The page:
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You will find a complete range of our monographs, muti-authored and edited works including peer-reviewed, original scholarly research across the social sciences and aligned disciplines. We publish long and short form research and you can browse the complete Bristol University Press and Policy Press archive of over 1500 titles.
Policy Press also publishes policy reviews and polemic work which aim to challenge policy and practice in certain fields. These books have a practitioner in mind and are practical, accessible in style, as well as being academically sound and referenced.
A wave of innovation driven by the convergence of digital and molecular technologies is transforming food production and ways of eating in the US, Western Europe and Australasia. This book explores a range of contemporary agri-food issues, such as the digitalisation of farm production, aka Precision Agriculture, farmer independence, gene editing, alternative proteins and the rise of app-based home food deliveries.
This is the first book to provide a systemic analysis of technological innovation and its socio-economic consequences in modern food systems, including the ‘hollowing out’ of rural communities and pronounced industrial concentration. The food system is under growing public pressure to respond to global climate change, but this book finds little evidence of transition to sustainable low-carbon trajectories.
Michael Drew’s review of the causes and effects of food poverty in Ireland offers the first full-length study of this significant and protracted issue that has been exacerbated by COVID-19.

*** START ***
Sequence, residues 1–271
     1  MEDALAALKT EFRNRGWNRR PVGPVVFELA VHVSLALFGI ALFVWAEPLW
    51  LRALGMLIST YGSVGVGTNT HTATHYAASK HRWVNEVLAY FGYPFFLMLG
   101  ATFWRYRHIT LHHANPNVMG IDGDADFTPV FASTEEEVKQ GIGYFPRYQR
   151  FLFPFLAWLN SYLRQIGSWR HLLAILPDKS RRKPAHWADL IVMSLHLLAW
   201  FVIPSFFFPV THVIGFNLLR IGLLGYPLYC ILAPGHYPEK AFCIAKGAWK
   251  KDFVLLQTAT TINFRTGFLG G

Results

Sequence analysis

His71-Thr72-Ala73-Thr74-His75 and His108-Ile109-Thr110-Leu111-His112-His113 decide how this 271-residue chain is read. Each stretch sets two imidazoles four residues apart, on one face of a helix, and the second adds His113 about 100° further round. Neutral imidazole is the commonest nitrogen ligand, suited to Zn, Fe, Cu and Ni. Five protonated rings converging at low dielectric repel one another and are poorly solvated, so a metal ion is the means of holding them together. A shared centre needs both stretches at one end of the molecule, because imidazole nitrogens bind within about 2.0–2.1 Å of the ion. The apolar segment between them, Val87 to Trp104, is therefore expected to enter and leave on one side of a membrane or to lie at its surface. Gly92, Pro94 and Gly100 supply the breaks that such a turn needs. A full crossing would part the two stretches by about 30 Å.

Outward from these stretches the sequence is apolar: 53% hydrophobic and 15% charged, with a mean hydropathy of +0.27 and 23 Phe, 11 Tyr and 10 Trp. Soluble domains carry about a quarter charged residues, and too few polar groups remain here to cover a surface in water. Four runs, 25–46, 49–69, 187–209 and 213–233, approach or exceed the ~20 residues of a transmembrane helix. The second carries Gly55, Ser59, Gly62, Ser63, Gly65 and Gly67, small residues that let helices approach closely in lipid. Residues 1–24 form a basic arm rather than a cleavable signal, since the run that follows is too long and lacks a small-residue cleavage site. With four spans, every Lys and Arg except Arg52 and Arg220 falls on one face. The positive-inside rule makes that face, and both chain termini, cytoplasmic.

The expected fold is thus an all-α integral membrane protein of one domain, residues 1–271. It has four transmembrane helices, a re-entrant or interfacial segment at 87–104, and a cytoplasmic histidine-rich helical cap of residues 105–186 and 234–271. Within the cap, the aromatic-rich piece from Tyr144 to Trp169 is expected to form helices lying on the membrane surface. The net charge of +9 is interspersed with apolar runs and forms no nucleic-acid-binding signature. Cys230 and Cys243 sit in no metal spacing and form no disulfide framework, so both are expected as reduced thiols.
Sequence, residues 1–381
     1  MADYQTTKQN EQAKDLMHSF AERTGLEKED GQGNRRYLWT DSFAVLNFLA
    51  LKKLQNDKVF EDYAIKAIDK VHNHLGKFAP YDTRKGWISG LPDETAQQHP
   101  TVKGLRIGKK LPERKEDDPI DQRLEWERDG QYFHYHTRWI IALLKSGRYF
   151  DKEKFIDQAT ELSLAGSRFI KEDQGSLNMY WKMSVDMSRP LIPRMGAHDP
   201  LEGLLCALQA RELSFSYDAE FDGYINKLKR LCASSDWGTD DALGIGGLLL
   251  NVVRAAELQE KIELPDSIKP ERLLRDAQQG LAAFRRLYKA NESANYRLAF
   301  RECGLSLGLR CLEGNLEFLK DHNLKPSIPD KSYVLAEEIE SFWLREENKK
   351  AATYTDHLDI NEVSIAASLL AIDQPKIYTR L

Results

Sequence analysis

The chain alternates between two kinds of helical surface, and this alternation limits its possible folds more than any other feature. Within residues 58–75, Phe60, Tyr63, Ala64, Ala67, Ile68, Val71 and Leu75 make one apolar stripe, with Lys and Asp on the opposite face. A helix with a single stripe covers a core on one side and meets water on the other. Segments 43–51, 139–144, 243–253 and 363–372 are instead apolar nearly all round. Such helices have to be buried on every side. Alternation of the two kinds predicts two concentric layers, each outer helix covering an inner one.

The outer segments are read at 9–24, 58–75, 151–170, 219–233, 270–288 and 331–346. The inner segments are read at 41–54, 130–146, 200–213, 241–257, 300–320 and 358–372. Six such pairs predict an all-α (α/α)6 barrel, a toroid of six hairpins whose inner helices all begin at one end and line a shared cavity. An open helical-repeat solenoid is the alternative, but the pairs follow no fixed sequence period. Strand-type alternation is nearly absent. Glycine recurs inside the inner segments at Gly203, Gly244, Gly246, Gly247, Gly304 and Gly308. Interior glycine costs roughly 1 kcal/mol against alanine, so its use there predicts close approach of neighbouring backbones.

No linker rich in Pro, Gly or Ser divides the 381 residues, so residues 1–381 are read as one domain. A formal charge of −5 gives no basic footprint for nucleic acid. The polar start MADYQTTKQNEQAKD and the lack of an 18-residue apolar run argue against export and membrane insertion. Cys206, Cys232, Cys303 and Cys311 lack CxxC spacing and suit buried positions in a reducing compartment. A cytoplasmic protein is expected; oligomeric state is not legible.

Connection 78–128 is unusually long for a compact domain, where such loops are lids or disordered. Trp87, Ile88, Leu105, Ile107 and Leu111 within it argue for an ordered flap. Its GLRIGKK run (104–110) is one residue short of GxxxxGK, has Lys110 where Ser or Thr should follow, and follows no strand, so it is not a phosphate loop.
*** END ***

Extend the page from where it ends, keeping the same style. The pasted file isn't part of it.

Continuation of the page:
The book brings together the complex picture emerging from interviews with users of food aid. Their pathways into and through food poverty are impacted by the policies and practices of government and employers with wide-ranging implications. The work explores the international landscape of food poverty and situates both experiences and responses in a comparative context. It considers how these results contribute to an understanding of the problem and what action should be taken.
As the demand for food banks and other emergency food charities continues to rise across the continent, this is the first systematic Europe-wide study of the roots and consequences of this urgent phenomenon.
Leading researchers provide case studies from the UK, Finland, Germany, Italy, the Netherlands, Slovenia and Spain, each considering the history and driving political and social forces behind the rise of food charity, and the influence of changing welfare states. They build into a rich comparative study that delivers valuable evidence for anyone with an academic or professional interest in related issues including social policy, exclusion, poverty and justice.
Drawing on empirical research with the UK’s two largest charitable food organisations, this book explores the prolific rise of food charity over the last 15 years and its implications for overcoming food insecurity.
As the welfare state withdraws, leaving food banks to protect the most vulnerable, the author questions the sustainability of this system and asks where responsibility lies - in practice and in theory - for ensuring everyone can realise their human right to food.
The book argues that effective, policy-driven solutions require a clear rights-based framework, which enables a range of actors including the state, charities and the food industry to work together towards, and be held accountable for, the progressive realisation of the right to food for all in the UK.
05 Jul 2017
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